NARRATOR (KEACH): Ivan and his wife, Berta, are here to test his theory that the Incas used gold parabolic mirrors to concentrate sunlight into a high temperature beam that could melt stone, or as Ivan would say, "thermally disaggregate" it.

IVAN WATKINS: You see that little image of the sun there? OK, now, the idea of this whole thing is to have an image of the sun from the big mirror projected across to a plane mirror and then use another parabolic mirror to direct the light to whatever is going to be thermally disaggregated. In this case, what we would thermally disaggregate would be a rock. OK, now, you can the bright spot that is there.

NARRATOR (KEACH): If Ivan's parabolic mirrors work, they will concentrate the sun's energy ten thousand times and melt this small piece of rock.

IVAN WATKINS: —whether I knock that little piece of rock off of it —

__: This is one of the stones —

NARRATOR (KEACH): Several years ago, Ivan was touring Inca sites, and this half-finished stone at Machu Picchu attracted his attention. Certain marks on the rock struck him as a clear indication of the use of parabolic mirrors.

ED FRANQUEMONT: You can see he thinks this line shows something to do with how it's cut.

NARRATOR (KEACH): Archaeologist Helaine Silverman is not convinced.

ED FRANQUEMONT: Think that's possible?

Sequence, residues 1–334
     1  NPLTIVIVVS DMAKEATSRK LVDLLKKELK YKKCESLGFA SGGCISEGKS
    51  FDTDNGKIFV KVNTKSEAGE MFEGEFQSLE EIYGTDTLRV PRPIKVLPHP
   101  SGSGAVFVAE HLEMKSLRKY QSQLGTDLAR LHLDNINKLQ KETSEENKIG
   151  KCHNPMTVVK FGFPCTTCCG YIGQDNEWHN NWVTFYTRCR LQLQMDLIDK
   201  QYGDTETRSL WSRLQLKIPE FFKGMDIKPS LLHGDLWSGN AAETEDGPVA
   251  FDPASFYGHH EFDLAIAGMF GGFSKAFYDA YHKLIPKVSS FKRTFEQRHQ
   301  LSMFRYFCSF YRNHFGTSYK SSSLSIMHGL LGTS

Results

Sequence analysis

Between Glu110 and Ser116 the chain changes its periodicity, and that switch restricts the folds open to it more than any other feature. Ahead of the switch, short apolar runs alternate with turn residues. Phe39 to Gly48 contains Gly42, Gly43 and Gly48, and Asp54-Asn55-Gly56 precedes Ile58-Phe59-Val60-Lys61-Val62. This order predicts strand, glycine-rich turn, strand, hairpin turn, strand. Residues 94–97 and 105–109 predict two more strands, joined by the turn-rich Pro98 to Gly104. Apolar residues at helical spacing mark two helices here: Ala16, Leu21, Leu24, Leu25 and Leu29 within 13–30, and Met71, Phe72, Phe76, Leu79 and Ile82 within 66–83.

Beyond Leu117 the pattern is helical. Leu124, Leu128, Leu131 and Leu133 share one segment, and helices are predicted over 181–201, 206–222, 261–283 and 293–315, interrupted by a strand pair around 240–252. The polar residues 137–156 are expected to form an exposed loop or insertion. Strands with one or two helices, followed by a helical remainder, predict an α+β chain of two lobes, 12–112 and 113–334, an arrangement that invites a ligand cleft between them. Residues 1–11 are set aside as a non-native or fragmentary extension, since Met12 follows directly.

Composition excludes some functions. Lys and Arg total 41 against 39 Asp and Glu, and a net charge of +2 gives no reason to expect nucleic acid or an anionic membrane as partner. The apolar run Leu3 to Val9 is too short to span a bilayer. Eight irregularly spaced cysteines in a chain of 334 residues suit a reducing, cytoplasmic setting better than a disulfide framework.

HELAINE SILVERMAN: I think it's ridiculous. There is absolutely no evidence that the Incas were using mirrors, and what's more, it's very clear what the technology of this is. They, they were, they were chipping away at this.

VINCENT LEE: I agree a hundred percent with you that this is a classic surface that's made by pecking the stone. Every one of these rocks has peck marks all over it.

NARRATOR (KEACH): But could stone hammers peck out the inside right angle joints that are so common in Inca walls? Ivan was convinced they couldn't. With no evidence of metal tools, Ivan reasoned the only alternative was a ray of amplified sunlight. Unfortunately, Ivan's prototype mirrors are not truly parabolic and fail to concentrate the sunlight effectively.

IVAN WATKINS: I'm not getting the temperature high enough there to pop him off.

ED FRANQUEMONT: The crux of Ivan's argument is that solar power concentrated through parabolic mirrors is the only way the Inca stonecutting that we've seen here at Ollantaytambo could have been done. But how about the stones that we've seen that have clear hammer marks on them? Are you saying that those were not —

IVAN WATKINS: Well, no, no. I'm not at all sure when you say they have clear hammer marks. What is the difference between taking —

JEAN-PIERRE PROTZEN: I think I want out of this. This is ridiculous. This is really ridiculous.

IVAN WATKINS: I need some goggles, though, because I just got blasted.

JEAN-PIERRE PROTZEN: I want to see this guy cut a stone like I can do. And then I talk. But otherwise that makes no damn sense.

IVAN WATKINS: If you can find a radius of curvature again —